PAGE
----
“‘Remember the Sabbath day by keeping it holy. Six days you shall labor and do all your work, but the seventh day is a Sabbath to the LORD your God. On it you shall not do any work, neither you, nor your son or daughter, nor your manservant or maidservant, nor your animals, nor the alien within your gates. For in six days the LORD made the heavens and the earth, the sea, and all that is in them, but he rested on the seventh day. Therefore the LORD blessed the Sabbath day and made it holy.’” Exodus 20:8-11

I don’t keep the Sabbath.

It’s one of those commandments that doesn’t get a lot of play. When you ask people to name the Ten Commandments, they can usually get the big “Thou shalt nots” – Adultery. Lie. Murder. Steal. – you know, the ones most likely to impact them. People struggle to name “keep the Sabbath”. For starters, my day job requires me to work seven days a week. Even if it didn’t and I was a faithful keeper of the Sabbath, then I would certainly depend on a lot of other people not being particularly convicted by it. I can rest a lot easier knowing that police officers are still at work (because most criminals I know are great respecters of the Sabbath); and with my kids being accidents waiting to happen, I’m glad doctors still report to work on weekends. For that matter, I know that plenty of folks have rolled out of sermons, even ones on the importance of keeping the Sabbath, only to go out to eat – keeping their convictions at the expense of others. While at home, resting, I still need to be entertained. You don’t expect me to hang out with my family all day – football must be played. For that matter, I began writing this blog on Sunday.

In my mind, there’s always been this kind of divide between the Old and New Testaments. Like the Old Testament is about the harsh, judgmental God, while the New Testament is all about the loving God. The Bible has become seen as two different sets of promises made to two different groups of people or at least people wrestling within two different circumstances or paradigms.

Too often, we’ve reduced, misused, and missed the overarching point of the Old and New Testaments. Most teachings explaining the relationship between the Old and New Testaments present the Old Testament as all about the law, impossible to live up to, and, well, “bad” with the New Testament being all about grace, possible to achieve, and “good.” This leads to the practical application that the Old Testament is a lot of wasted ink and we should concentrate on the New Testament.

“One man considers one day more sacred than another; another man considers every day alike. Each one should be fully convinced in his own mind.” Romans 14:5

The Bible is one story with two covenants. The Old Testament (Covenant) was the story of God saving the world through a specific people, the story of the nation of Israel. In Christ, we have the fulfillment of the story. The New Testament (Covenant) was the climax and conclusion, if you will, to that story. Jesus fulfills the story–without undermining the necessity and vitality of the Old Testament–bringing the story to its ultimate end. We are all adopted/grafted into the story of Israel. So what we have is essentially two acts of the same story.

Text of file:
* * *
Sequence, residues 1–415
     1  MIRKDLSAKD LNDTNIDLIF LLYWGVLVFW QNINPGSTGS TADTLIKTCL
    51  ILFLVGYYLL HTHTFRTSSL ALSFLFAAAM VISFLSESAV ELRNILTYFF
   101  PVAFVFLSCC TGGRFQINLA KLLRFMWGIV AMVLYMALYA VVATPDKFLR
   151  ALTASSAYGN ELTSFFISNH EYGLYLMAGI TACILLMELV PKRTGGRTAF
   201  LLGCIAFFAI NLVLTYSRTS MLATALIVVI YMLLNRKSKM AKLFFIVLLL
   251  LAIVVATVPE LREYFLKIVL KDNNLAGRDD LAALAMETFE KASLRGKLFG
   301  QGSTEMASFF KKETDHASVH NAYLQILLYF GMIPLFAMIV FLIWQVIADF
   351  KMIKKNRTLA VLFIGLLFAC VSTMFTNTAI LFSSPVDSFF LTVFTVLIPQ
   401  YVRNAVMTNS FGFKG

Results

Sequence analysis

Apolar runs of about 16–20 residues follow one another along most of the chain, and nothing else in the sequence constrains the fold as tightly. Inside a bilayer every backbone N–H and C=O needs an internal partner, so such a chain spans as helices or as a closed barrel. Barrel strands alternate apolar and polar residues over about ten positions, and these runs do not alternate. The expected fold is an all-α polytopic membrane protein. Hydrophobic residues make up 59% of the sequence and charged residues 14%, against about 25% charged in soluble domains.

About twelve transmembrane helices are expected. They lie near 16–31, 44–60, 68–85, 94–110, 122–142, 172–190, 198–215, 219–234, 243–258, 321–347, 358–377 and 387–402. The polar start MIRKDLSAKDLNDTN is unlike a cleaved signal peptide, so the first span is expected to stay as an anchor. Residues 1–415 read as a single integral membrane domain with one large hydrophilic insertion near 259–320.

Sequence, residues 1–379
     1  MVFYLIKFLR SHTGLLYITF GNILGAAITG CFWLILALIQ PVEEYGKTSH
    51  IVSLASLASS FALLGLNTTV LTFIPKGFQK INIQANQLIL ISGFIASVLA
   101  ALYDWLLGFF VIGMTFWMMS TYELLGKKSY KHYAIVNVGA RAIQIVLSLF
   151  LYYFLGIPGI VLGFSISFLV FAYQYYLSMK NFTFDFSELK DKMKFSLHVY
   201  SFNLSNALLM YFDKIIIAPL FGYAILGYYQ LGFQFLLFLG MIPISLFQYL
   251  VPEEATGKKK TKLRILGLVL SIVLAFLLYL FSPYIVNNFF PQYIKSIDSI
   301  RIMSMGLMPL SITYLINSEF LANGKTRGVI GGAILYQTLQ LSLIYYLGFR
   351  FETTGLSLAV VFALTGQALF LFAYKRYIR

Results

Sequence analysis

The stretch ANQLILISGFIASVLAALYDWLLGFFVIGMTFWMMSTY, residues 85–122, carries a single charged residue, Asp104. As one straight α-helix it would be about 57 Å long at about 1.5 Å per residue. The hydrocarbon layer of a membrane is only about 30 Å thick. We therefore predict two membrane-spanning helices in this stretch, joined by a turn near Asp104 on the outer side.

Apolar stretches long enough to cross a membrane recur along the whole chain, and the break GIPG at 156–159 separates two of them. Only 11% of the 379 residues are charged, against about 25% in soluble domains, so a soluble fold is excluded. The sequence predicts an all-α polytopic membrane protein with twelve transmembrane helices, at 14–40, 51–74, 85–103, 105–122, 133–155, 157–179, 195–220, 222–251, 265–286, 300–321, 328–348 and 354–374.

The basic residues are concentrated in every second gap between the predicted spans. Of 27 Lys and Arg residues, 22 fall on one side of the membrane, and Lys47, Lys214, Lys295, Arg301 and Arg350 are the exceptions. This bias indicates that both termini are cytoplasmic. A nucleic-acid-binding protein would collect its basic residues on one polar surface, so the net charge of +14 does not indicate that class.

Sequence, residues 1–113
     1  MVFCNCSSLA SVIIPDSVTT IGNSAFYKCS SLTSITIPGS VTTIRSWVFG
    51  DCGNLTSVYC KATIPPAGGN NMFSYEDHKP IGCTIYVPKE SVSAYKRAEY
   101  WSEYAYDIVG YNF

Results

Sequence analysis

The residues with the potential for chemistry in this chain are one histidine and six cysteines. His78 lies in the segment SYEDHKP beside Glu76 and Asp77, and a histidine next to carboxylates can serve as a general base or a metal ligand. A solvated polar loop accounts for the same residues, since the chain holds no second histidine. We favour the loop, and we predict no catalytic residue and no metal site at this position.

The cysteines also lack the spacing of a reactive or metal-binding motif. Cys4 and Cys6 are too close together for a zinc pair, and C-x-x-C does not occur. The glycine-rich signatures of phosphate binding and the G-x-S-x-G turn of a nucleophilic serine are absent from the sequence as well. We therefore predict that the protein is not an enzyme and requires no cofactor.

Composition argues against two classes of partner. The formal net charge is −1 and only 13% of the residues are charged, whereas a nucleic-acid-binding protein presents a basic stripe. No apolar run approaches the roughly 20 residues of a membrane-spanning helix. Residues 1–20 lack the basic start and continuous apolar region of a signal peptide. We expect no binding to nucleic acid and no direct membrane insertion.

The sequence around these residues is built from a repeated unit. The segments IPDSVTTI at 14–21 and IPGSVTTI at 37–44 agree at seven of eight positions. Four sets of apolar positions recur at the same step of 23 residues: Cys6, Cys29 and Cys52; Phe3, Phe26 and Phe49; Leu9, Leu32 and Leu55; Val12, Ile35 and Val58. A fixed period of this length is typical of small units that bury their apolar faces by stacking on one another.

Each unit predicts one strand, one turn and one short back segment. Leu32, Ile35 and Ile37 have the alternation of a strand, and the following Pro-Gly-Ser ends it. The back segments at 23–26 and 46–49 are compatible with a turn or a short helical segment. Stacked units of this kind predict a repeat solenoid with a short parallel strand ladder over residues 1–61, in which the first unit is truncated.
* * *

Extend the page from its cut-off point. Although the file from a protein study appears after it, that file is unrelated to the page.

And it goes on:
If you press me on the topic, meaning, if you make me argue this using Scripture, I would say that Sabbath restrictions don’t apply to Gentiles. The Mosaic laws were about defining a people, a nation. That was their point and their focus. In Christ, we have freedom. I’d say that there is wisdom in taking a day to relax and not burn yourself out. God bless weekends. And, I’m glad that we have weekends to worship as we feel led. However, the Sabbath equals rest, and my rest is in Christ.

Hoosiers who favor keeping state laws that prevent most Sunday alcohol sales outnumber those who oppose the restrictions, according to a new poll. Fifty percent of those surveyed favored keeping the current laws, while 43 percent supported allowing more Sunday sales of beer, wine and liquor, according to a poll commissioned by The Indianapolis Star.

Pam Ingram, 49, from the southwestern Indiana town of Bloomfield, said she doesn’t see anything wrong with having one day without alcohol sales in stores. “I just don’t see a purpose for the sales,” said Ingram, who added that she does not consider herself anti-alcohol. “If you want it on Sunday, there are six other days you can get it.”

This is what got me started thinking on the topic of the Sabbath and how we go about “keeping” it. I understand and appreciate the sentiment of wanting to respect Sunday as a day of worship (though, apparently Jews and Seventh Day Adventists aren’t similarly respected); however, what does this accomplish? When all is said and done, I have to plan ahead to get my drink on. Seriously, this is a relic of a Puritanical time. If we are honest with ourselves, we’d acknowledge that this represented a day when one religion was privileged over another. Don’t put this on God or the Bible. Let me tell you, I’ve sat through many sermons where afterwards I really wanted a drink. Plus, I follow the party Savior: Jesus knew how to keep a party going (and it was wine: no matter how you twist the Greek, it cannot be rendered Welches Grape Juice). Buddha never turned water into wine.*

Plus, I may have to buy communion wine on short notice.

*I have it on good authority that Buddha was more of a beer guy.**

**I’m sure that I’m going to find out who actually reads these things to the end.

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